Speeches (Lines) for Helicanus
in "Pericles"

Total: 37

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# Act, Scene, Line
(Click to see in context)
Speech text

1

I,2,274

Peace, peace, and give experience tongue.
They do abuse the king that flatter him:
For flattery is the bellows blows up sin;
The thing which is flatter'd, but a spark,
To which that blast gives heat and stronger glowing;
Whereas reproof, obedient and in order,
Fits kings, as they are men, for they may err.
When Signior Sooth here does proclaim a peace,
He flatters you, makes war upon your life.
Prince, pardon me, or strike me, if you please;
I cannot be much lower than my knees.

2

I,2,291

An angry brow, dread lord.

3

I,2,294

How dare the plants look up to heaven, from whence
They have their nourishment?

4

I,2,298

[Kneeling]
I have ground the axe myself;
Do you but strike the blow.

5

I,2,309

To bear with patience
Such griefs as you yourself do lay upon yourself.

6

I,2,341

Alas, sir!

7

I,2,347

Well, my lord, since you have given me leave to speak.
Freely will I speak. Antiochus you fear,
And justly too, I think, you fear the tyrant,
Who either by public war or private treason
Will take away your life.
Therefore, my lord, go travel for a while,
Till that his rage and anger be forgot,
Or till the Destinies do cut his thread of life.
Your rule direct to any; if to me.
Day serves not light more faithful than I'll be.

8

I,2,359

We'll mingle our bloods together in the earth,
From whence we had our being and our birth.

9

I,3,383

You shall not need, my fellow peers of Tyre,
Further to question me of your king's departure:
His seal'd commission, left in trust with me,
Doth speak sufficiently he's gone to travel.

10

I,3,388

If further yet you will be satisfied,
Why, as it were unlicensed of your loves,
He would depart, I'll give some light unto you.
Being at Antioch—

11

I,3,393

Royal Antiochus—on what cause I know not—
Took some displeasure at him; at least he judged so:
And doubting lest that he had err'd or sinn'd,
To show his sorrow, he'ld correct himself;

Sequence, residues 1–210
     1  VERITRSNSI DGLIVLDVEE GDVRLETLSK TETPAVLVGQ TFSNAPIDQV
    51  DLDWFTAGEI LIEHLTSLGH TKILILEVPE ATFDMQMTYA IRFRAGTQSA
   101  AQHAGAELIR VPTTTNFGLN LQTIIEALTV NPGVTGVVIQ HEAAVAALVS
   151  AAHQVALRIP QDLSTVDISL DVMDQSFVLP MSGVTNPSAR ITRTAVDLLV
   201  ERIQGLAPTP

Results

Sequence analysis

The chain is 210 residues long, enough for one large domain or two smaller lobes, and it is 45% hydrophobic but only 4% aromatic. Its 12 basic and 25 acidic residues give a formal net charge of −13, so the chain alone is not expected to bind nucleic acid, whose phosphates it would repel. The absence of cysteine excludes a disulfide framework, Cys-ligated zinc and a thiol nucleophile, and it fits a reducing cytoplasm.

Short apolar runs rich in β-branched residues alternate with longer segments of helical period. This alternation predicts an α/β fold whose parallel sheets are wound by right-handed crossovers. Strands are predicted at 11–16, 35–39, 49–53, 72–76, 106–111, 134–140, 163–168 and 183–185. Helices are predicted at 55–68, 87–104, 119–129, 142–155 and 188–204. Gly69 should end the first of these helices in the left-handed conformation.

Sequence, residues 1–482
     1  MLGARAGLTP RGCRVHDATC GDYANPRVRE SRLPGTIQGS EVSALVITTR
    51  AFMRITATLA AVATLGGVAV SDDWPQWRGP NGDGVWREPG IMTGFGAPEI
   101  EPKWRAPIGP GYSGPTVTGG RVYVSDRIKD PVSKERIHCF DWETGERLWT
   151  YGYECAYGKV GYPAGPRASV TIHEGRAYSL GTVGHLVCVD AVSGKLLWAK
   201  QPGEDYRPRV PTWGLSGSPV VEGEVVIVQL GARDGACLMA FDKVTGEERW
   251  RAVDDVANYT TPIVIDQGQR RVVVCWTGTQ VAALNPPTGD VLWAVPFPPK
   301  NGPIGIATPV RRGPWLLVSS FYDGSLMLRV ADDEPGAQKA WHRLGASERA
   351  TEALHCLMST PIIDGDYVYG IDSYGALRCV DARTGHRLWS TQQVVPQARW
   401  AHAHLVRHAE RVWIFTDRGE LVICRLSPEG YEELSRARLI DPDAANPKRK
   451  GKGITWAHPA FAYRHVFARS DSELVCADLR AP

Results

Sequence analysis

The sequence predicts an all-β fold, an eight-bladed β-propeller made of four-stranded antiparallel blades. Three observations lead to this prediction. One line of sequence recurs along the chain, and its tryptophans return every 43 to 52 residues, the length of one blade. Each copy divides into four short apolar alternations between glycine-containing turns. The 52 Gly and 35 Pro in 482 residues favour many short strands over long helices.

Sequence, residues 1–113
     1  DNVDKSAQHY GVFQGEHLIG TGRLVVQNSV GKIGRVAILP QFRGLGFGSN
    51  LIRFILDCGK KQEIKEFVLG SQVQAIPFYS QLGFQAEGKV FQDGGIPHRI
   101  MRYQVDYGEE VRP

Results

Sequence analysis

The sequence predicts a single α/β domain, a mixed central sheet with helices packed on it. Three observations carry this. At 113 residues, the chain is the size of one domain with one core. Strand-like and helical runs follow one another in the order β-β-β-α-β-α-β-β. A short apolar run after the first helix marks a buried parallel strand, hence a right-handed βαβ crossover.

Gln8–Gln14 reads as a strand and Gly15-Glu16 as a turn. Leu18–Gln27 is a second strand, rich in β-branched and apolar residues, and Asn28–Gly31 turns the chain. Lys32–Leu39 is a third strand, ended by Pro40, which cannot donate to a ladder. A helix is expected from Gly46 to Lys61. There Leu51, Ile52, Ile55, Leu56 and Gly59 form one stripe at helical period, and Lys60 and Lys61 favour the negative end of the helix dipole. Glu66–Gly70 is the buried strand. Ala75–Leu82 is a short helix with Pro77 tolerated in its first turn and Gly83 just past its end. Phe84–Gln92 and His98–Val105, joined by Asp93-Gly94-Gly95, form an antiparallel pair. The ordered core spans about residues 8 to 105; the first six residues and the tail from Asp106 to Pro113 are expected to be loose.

So puts himself unto the shipman's toil,
With whom each minute threatens life or death.

12

I,3,404

Lord Thaliard from Antiochus is welcome.

13

I,3,410

We have no reason to desire it,
Commended to our master, not to us:
Yet, ere you shall depart, this we desire,
As friends to Antioch, we may feast in Tyre.

14

II,4,951

No, Escanes, know this of me,
Antiochus from incest lived not free:
For which, the most high gods not minding longer
To withhold the vengeance that they had in store,
Due to this heinous capital offence,
Even in the height and pride of all his glory,
When he was seated in a chariot
Of an inestimable value, and his daughter with him,
A fire from heaven came and shrivell'd up
Their bodies, even to loathing; for they so stunk,
That all those eyes adored them ere their fall
Scorn now their hand should give them burial.

15

II,4,964

And yet but justice; for though
This king were great, his greatness was no guard
To bar heaven's shaft, but sin had his reward.

16

II,4,974

With me? and welcome: happy day, my lords.

17

II,4,977

Your griefs! for what? wrong not your prince you love.

18

II,4,993

For honour's cause, forbear your suffrages:
If that you love Prince Pericles, forbear.
Take I your wish, I leap into the seas,
Where's hourly trouble for a minute's ease.
A twelvemonth longer, let me entreat you to
Forbear the absence of your king:
If in which time expired, he not return,
I shall with aged patience bear your yoke.
But if I cannot win you to this love,
Go search like nobles, like noble subjects,
And in your search spend your adventurous worth;
Whom if you find, and win unto return,
You shall like diamonds sit about his crown.

19

II,4,1009

Then you love us, we you, and we'll clasp hands:
When peers thus knit, a kingdom ever stands.

20

V,1,2180

That he have his. Call up some gentlemen.

21

V,1,2184

Gentlemen, there's some of worth would come aboard;
I pray ye, greet them fairly.
[The Gentlemen and the two Sailors descend, and go]
on board the barge]
[Enter, from thence, LYSIMACHUS and Lords; with the]
Gentlemen and the two Sailors]

22

V,1,2194

And you, sir, to outlive the age I am,
And die as I would do.

23

V,1,2200

First, what is your place?

24

V,1,2202

Sir,
Our vessel is of Tyre, in it the king;
A man who for this three months hath not spoken
To any one, nor taken sustenance
But to prorogue his grief.

25

V,1,2208

'Twould be too tedious to repeat;
But the main grief springs from the loss
Of a beloved daughter and a wife.

26

V,1,2212

You may;
But bootless is your sight: he will not speak To any.

27

V,1,2215

Behold him.
[PERICLES discovered]
This was a goodly person,
Till the disaster that, one mortal night,
Drove him to this.

28

V,1,2222

It is in vain; he will not speak to you.

29

V,1,2236

Sure, all's effectless; yet nothing we'll omit
That bears recovery's name. But, since your kindness
We have stretch'd thus far, let us beseech you
That for our gold we may provision have,
Wherein we are not destitute for want,
But weary for the staleness.

30

V,1,2248

Sit, sir, I will recount it to you:
But, see, I am prevented.
[Re-enter, from the barge, Lord, with MARINA, and a]
young Lady]

31

V,1,2255

She's a gallant lady.

32

V,1,2395

Calls my lord?

33

V,1,2400

I know not; but
Here is the regent, sir, of Mytilene
Speaks nobly of her.

34

V,1,2436

Sir, 'tis the governor of Mytilene,
Who, hearing of your melancholy state,
Did come to see you.

35

V,1,2445

My lord, I hear none.

36

V,1,2476

Sir?

37

V,3,2580

Hail, madam, and my queen!

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